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Dentists remain the most confident of the primary healthcare professions


  Posted by: Dental Design      14th December 2022

The Lloyds Bank Healthcare Confidence Index shows:

  • Dentists remain the most confident of the primary healthcare professions despite a small downturn in their short-term sentiment

  • Seven in ten (70%) expect to grow profits in the year ahead, though 98% say the cost-of-living crisis will impact their business

  • Two thirds (66%) would like to do less NHS work or go fully private

Dentists’ confidence has fallen slightly in the last year, though they remain the most confident of the healthcare professions surveyed in the latest Lloyds Bank Healthcare Confidence Index.

The survey of dentists found their short-term confidence fell by just three points from 38 to 35, proving more resilient than GPs and pharmacists, which declined by 14 and 15 points respectively. This confidence is reflected in dentists’ expectations for practice profits, with seven in ten (70%) anticipating profits will increase in the year ahead, down slightly from 72% last year.

But dentists also face economic headwinds as the cost-of-living crisis continues to bite, which is likely to impact the amount of private work coming their way.

Key challenges for the year ahead include inflation (91%), energy prices (88%) and interest rates (69%).

Private vs NHS

Almost half (47%) of the dentists surveyed would like to do less NHS work and see more private patients, while a fifth (19%) would like to go fully private. However, attitudes may change in the coming year as it’s likely the level of private work will recede and the NHS offers reliable recurring income, albeit less profitable.

Dentists’ journey to Net Zero

This year the Index has shone a spotlight on dentists’ sustainability strategies, which have remained remarkably resilient in the current environment.

Every respondent said they had taken measures to improve sustainability in their business, up from 9% last year. This includes waste reduction (72%), cutting energy use (53%), using electric vehicles (38%) and creating more energy efficient buildings (28%).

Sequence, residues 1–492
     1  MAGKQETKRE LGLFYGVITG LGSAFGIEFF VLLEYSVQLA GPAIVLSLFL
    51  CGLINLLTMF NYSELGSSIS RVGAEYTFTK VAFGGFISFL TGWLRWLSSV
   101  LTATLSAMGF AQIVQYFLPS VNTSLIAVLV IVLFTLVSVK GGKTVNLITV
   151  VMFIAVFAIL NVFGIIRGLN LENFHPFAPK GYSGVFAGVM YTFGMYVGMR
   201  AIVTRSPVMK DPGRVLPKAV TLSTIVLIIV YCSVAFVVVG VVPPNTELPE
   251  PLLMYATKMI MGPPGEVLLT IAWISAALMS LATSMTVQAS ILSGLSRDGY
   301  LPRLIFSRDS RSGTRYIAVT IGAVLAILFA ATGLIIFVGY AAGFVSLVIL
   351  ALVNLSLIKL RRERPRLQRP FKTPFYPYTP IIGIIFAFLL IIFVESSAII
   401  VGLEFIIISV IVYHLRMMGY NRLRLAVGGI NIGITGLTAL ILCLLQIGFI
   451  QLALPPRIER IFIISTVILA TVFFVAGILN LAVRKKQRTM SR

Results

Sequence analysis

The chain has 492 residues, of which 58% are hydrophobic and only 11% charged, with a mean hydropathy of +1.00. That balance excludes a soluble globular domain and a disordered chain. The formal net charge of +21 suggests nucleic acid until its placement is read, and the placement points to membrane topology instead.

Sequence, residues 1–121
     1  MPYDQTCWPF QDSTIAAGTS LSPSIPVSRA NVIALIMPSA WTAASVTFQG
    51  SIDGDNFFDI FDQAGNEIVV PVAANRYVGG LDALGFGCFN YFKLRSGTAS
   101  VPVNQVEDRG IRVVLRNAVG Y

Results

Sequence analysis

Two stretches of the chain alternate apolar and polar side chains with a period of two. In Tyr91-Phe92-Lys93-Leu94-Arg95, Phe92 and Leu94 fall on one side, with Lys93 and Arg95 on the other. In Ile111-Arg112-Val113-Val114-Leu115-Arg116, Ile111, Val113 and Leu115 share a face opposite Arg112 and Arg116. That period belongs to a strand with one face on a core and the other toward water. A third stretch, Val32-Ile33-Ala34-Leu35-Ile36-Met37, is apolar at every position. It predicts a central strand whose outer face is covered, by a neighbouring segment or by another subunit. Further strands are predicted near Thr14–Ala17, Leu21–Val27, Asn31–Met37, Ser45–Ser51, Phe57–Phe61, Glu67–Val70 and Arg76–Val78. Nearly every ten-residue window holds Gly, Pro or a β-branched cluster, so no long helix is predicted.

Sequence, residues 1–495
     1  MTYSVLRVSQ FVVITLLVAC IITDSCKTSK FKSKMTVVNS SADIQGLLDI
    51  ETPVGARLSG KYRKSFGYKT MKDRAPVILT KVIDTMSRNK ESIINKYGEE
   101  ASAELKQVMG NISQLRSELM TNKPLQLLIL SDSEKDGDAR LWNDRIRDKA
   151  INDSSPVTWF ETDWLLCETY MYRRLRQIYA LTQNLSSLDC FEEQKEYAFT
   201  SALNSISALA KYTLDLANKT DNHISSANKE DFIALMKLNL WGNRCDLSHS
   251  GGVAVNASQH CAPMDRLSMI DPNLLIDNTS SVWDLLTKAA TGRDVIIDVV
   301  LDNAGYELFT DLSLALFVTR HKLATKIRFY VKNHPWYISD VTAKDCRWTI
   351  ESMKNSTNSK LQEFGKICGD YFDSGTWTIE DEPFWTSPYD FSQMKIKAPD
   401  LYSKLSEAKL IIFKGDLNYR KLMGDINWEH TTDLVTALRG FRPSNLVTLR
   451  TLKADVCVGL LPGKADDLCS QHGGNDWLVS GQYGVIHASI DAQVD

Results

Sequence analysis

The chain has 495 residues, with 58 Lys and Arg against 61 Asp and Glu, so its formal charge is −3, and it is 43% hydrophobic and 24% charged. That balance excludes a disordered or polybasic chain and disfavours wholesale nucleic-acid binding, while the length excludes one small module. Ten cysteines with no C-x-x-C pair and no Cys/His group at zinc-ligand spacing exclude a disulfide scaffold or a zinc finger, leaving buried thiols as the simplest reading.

Martyn Kendrick, head of healthcare banking services, Lloyds Bank, said: “Dentistry is a profession that has always been resilient and entrepreneurial, and I am sure that dentists will continue to create growth opportunities while also working to achieve the best outcomes for their patients.

“Pressure on margins will be unavoidable in the year ahead, but dentists are agile and adaptable and I’m confident they can come through this testing time in good shape.

“We’re longstanding supporters of dental practices and will continue to provide them with the knowledge, products and guidance they need to continue delivering their essential services through these challenging times.”

Andy Acton, director, Frank Taylor & Associates, said: “Last year dentists got a boost from accidental savers, who had been unable to splash out on things like holidays during the pandemic, so were spending their money on essential and cosmetic dental treatments instead.

“While that has continued to an extent, energy bills, inflation and interest rates are now starting to bite and we have more NHS reform looming, which will all have contributed to dentists’ declining sentiment.

“We can confidently expect an uplift in NHS work going forward because of pressures on the cost of living.”

The Healthcare Confidence Index, a survey of dentists, GPs and pharmacists, has run annually since 2011 and seeks to give a detailed overview of the sector as it is today, as well as exploring the professions’ ambitions and expectations for the future.

To view the full report, visit

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